The commercially available amino acid derivatives were employed as a CSA to differentiate enantiomers of chiral phosphonates, phosphinates, phosphates, phosphine oxides, and phosphonamidates by 31P-NMR spectroscopy [52]. The method developed by Li and Raushel uses N-Fmoc-N’-Boc-L-tryptophan 12 in CDCl3 at 25 °C as a CSA for different phosphorus compounds (Scheme 12). Although there is a lower anisochrony of the phosphorus atoms, the good baseline resolution and absence of overlapping signals provided an efficient and fast chiral discrimination procedure.
Mastranzo et al. demonstrated the use of P(III) and P(V) organophosphorus deriving reagents for chiral discrimination of carboxylic acids by 31P-NMR [53]. In this work, the authors described the preparation of C2 symmetric diamines 13, which contain the α-phenyl-ethyl group and the cyclohexane skeleton. The discrimination of chiral carboxylic acids was performed in an NMR tube in three reaction steps (Scheme 13). The chemical shift difference between diastereomers varied in the ranges of 0.02–2.43 for P(III) and 0.02–2.14 for P(V).
The same approach was employed by Reiner et al. who used 31P-NMR to monitor the formation of diastereoisomers by a PCl3 reagent [54]. In this procedure, the PCl3 reagent reacted with the chiral BINOL to form phosphite derivative 14 and after the alcohol or amine was added to obtain a mixture of diastereomers (Scheme 14). The chiral discrimination was possible by two diastereomeric 31P-NMR peaks for both enantiomers of the compounds. The measurements were performed in less than 5 min with only 500 μL of deuterated solvent. Moreover, the authors examined its application to on-line ee determination in combination with standard catalytic protocols.
For 31P-NMR chiral discrimination of atropoisomeric phosphine oxides, Demchuk et al. evaluated different CSAs [55]. The commercially available carboxylic acids 15 and 16, which have provided good results for NMR chiral discrimination [56,57], and dibenzoyltartaric acids 17 and 18 were applied as CSAs (Scheme 15). The 31P-NMR analyses have shown that in most cases those simple chiral acids are very efficient CSAs for the determination of the enantiopurity of atropoisomeric bis-phosphine dioxides. To prove the accuracy of the NMR methodology an electronic circular dichroism spectroscopy was applied. The electronic absorptions and chiroptical data of the investigated compounds corroborate the NMR analyses. Furthermore, computer calculations were carried out to provide details about the stereochemistry of the complexes.
Bedekar et al. synthesized modified amides as NMR solvating agents for the chiral discrimination of 1,1′-binaphthyl and alpha-substituted acid enantiomers [58]. In this procedure, the chiral isobornyl amine 19 was employed, which is readily available and can be used as a starting material to prepare steric bulk amide 20 with three-stereogenic centers for chiral molecular recognition by 31P-NMR analysis (Scheme 16). Furthermore, the linear relationship between the observed and actual ee values of binaphthyl 21 was evaluated and confirmed the accuracy of the 31P-NMR analyses. The strategy was based on the method developed by Kagan et al. [59], in which simple chiral amides were studied as CSAs for efficient determination of enantiomers between several types of compounds. The chiral recognition of Kagan’s amide is achieved by hydrogen-bonding using a different procedure than the one outlined by Bedekar et al. The effectiveness of the method was expanded to alpha-carboxylic acids by 19F-NMR spectroscopy using chiral isobornyl amide 20a and a base (DMAP) to improve the intermolecular interactions (Scheme 17). In another work of Bedekar et al. a modified Kagan’s amide was synthesized and applied as CSA for hydrogen-bonding based chiral discrimination employing 1H- and 19F-NMR spectroscopy [60].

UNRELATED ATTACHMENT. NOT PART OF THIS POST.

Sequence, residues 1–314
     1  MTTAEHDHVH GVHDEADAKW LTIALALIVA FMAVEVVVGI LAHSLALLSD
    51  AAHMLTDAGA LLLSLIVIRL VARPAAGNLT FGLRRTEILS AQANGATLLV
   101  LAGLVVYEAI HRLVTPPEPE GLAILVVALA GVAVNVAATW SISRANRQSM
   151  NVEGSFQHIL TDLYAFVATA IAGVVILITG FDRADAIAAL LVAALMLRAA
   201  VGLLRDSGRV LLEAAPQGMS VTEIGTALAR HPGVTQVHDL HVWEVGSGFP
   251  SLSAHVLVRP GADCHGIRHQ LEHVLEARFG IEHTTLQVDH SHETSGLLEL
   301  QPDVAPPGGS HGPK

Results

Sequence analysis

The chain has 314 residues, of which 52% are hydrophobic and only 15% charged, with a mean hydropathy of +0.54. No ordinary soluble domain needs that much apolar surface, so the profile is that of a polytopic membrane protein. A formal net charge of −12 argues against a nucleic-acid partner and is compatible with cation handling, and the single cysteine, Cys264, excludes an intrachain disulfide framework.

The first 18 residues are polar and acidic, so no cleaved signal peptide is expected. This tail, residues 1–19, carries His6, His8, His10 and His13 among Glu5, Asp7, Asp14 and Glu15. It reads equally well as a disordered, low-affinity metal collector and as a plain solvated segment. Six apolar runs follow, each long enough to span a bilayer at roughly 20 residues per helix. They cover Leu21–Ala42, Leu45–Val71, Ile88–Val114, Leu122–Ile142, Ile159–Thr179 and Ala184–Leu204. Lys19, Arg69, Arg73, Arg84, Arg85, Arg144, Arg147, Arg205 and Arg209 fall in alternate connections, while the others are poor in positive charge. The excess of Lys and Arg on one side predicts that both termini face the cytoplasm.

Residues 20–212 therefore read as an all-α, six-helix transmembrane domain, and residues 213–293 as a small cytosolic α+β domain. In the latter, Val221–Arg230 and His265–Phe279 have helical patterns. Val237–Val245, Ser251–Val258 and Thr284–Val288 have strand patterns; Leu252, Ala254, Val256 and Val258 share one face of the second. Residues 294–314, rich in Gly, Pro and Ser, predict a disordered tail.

The same research group has published the chiral discrimination of binaphthyl 21 by employing a chiral aza-macrocycle 22 [61]. The synthesis of 18 member aza-macrocycles (S,S,S)-22 and (R,R,S)-22 was carried out in three steps from the cyclohexene oxide (Scheme 18). To confirm the 3D structure, a single crystal X-ray analysis of both diastereomers was performed. The discrimination ability of aza-macrocycle 22 for binaphthyl phosphoric acid 21 ranged from 0.03 to 0.81 ppm. An additional fluorescence spectroscopy study for understanding the chiral recognition of chiral aza-macrocycle showed an enantioselective quenching interaction. This effect was attributed to the deprotonation of phosphoric acid 21, which is indicated by the appearance of new peak in the UV-Vis spectra.
Based on the difficulties in performing the chiral discrimination of BINOL phosphoric acids 21 and derivatives, Nagorny and Tay have developed a simple and reliable protocol for determining the enantiopurity by 31P-NMR spectroscopy [62]. The optical rotation measurements were not reliable for these compounds. Thus, the use of chiral amines as CSAs to carry out the NMR chiral discrimination of BINOL phosphoric acids derivatives was an elegant alternative (Scheme 19). Chiral amines 23 and 24 are commercially available and by the simple mixture of reagents (10 mg of BINOL and 1.5 equiv. of CSA) in a deuterated solvent, the 31P-NMR signals of the diastereomer salts are observed. The sample concentrations ranged from 4.7 to 25 mM. In this work, the authors studied the epimerization under thermal conditions of the BINOL phosphoric acid derivatives using the 31P-NMR protocol developed.